Conventional Reaction:   A   +   B------------------->AB

Combinatorial Chemistry: A1- n      +     B1- n--------->A1- n  B1- n

Hence, In combinatorial chemistry, large numbers of compounds are made at the same time in small amounts, forming libraries which can be assayed for desired properties all at once. Finally the active compound is identified and made in quantity as a single compound. [Leard L. & Hendry A. (2007)]13


Combinatorial chemistry may be defined as the systematic and repetitive, covalent connection of a set of different “building blocks” of varying structures to each other to yield a large array of diverse molecular entities.  [Pandeya S.N. and Thakkar D. (2004)]16

Combinatorial chemistry encompasses many strategies and processes for the rapid synthesis of large, organized collections of compounds called libraries. The collection is then tested for the biological activity. Finally the active compound is identified and made in quantity as a single compound.  [Lather V. et al. (2005)]12

Thus the combinatorial chemistry approach has two phases: 
1. Making a library.
2. Finding the active compound. Screening mixtures for biological activity has been compared to finding a needle in a haystack.  [Patel R. (2008)]17

In the past, chemists have traditionally made one compound at a time. For example compound ‘A’ would have been reacted with compound ‘B’ to give product ‘AB’, which would have been isolated after reaction work up and purification through crystallization, distillation or chromatography.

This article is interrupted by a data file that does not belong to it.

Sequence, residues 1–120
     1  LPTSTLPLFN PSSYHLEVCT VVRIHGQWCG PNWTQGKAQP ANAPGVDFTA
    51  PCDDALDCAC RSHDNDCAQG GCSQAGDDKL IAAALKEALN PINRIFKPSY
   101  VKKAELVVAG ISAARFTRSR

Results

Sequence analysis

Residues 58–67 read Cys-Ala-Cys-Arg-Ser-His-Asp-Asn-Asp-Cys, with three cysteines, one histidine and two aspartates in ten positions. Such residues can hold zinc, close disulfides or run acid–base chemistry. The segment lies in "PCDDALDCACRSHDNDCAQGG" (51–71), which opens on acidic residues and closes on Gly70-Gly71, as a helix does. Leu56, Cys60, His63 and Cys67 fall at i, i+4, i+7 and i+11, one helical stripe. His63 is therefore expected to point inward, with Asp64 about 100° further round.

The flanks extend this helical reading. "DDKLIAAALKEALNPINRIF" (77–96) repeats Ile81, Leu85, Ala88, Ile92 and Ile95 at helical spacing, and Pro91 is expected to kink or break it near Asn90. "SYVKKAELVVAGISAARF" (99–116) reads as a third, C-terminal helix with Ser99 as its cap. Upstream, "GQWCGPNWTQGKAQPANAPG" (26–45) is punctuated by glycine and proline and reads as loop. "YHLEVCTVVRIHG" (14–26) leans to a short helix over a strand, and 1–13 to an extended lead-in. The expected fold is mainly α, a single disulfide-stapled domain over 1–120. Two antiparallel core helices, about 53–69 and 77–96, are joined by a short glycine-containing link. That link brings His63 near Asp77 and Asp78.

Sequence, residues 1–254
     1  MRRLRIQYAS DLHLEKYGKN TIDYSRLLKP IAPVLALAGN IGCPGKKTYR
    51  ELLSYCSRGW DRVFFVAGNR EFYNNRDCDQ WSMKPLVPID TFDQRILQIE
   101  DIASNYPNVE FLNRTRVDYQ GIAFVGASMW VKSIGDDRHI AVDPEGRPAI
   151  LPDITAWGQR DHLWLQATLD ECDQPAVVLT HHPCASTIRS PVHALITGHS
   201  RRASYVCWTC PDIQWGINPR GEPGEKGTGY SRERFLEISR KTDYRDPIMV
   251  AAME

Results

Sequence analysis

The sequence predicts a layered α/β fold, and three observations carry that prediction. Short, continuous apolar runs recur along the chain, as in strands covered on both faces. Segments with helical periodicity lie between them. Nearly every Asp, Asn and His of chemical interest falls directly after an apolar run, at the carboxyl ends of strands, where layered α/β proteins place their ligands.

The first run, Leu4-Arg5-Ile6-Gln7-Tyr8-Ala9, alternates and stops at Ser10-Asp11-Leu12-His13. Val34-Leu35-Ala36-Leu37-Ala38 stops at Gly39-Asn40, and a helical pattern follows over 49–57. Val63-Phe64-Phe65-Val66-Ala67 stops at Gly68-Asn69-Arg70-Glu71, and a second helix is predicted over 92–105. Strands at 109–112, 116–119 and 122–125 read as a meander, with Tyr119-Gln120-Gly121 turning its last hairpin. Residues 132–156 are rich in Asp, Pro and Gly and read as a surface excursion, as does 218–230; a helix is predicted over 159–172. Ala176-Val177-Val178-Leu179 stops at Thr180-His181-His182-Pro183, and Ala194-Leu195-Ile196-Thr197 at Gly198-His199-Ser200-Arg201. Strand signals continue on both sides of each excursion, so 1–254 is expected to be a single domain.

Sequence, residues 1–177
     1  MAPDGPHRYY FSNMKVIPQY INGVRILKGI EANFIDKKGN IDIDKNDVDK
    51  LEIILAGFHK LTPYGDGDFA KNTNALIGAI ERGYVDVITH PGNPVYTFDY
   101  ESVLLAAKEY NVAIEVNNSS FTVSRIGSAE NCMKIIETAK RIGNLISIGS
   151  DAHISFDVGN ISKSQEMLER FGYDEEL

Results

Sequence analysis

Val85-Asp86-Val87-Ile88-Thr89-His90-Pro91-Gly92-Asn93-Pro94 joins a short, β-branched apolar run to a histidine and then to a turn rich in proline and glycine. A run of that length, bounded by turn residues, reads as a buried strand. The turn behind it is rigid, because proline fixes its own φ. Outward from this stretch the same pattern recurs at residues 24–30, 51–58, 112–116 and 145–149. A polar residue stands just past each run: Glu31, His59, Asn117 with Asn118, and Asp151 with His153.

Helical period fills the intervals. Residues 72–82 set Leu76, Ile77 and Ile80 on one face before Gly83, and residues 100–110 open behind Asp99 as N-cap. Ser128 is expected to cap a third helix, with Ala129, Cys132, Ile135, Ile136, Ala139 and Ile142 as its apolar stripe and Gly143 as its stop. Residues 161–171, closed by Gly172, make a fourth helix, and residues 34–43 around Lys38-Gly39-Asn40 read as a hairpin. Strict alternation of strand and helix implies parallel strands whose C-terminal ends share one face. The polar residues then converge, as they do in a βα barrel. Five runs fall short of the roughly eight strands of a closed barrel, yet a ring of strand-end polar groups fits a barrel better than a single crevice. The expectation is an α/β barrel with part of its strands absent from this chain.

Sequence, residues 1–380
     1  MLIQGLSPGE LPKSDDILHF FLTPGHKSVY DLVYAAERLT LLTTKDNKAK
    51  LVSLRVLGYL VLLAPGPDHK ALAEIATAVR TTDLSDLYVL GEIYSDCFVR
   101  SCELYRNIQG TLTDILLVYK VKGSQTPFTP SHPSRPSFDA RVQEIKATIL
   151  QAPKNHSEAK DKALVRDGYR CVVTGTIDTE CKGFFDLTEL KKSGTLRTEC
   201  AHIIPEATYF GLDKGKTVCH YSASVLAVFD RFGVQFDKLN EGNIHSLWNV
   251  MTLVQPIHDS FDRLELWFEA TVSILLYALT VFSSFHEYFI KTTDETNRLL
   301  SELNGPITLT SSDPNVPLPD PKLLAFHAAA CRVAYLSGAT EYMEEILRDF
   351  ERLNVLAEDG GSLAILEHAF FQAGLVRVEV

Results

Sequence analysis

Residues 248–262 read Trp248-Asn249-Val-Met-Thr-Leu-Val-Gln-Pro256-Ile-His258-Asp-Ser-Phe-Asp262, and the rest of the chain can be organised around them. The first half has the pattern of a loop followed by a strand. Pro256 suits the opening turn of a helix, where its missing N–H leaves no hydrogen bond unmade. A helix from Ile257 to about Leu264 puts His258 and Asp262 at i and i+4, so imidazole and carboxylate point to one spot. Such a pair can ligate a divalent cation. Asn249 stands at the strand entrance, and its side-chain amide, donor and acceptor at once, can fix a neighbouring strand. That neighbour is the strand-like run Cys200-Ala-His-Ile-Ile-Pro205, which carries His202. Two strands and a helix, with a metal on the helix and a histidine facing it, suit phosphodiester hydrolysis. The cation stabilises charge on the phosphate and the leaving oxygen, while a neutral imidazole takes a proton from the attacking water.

In contrast to conventional approach, combinatorial chemistry offers the potential to make every combination of compound ‘A1’ to ‘An’  with compound ‘B1’ to ‘Bn

Figure -1. Comparison of Tradition and Combinatorial Strategies in Drug Design

The range of combinatorial techniques is highly diverse, and these products could be made individually in a parallel or in mixtures, using either solution or solid phase techniques. Whatever the technique used the common denominator is that productivity has been amplified beyond the levels that have been routine for the last hundred years. []18

Combinatorial chemistry-a technology for creating molecules en masse and testing them rapidly for desirable properties-continues to branch out rapidly. Compared with conventional one-molecule-at-a-time discovery strategies, many researchers see combinatorial chemistry as a better way to discover new drugs, catalysts and materials.  [Borman S. (1998)]1

The development of new processes for the generation of collection of structurally related compounds (libraries) with the introduction of combinatorial approaches has revitalized random screening as a paradigm for drug discovery and has raised enormous excitement about the possibility of finding new and valuable drugs in short times and at reasonable costs.


Figure -2. Principle characteristics of conventional vs. combinatorial strategy of drug discovery [Miertus S. et al. (2000)]14

(1) The creation of large libraries of molecules in a short time is the main advantage of combinatorial chemistry over traditional.
(2)Compounds that cannot be synthesized using traditional methods of medicinal chemistry can be synthesized using combinatorial techniques.
(3) Thecost of combinatorial chemistry library generation and analysis of said library is very high, but when considered on a per compound basis the price is significantly lower when compared to the cost of individual synthesis.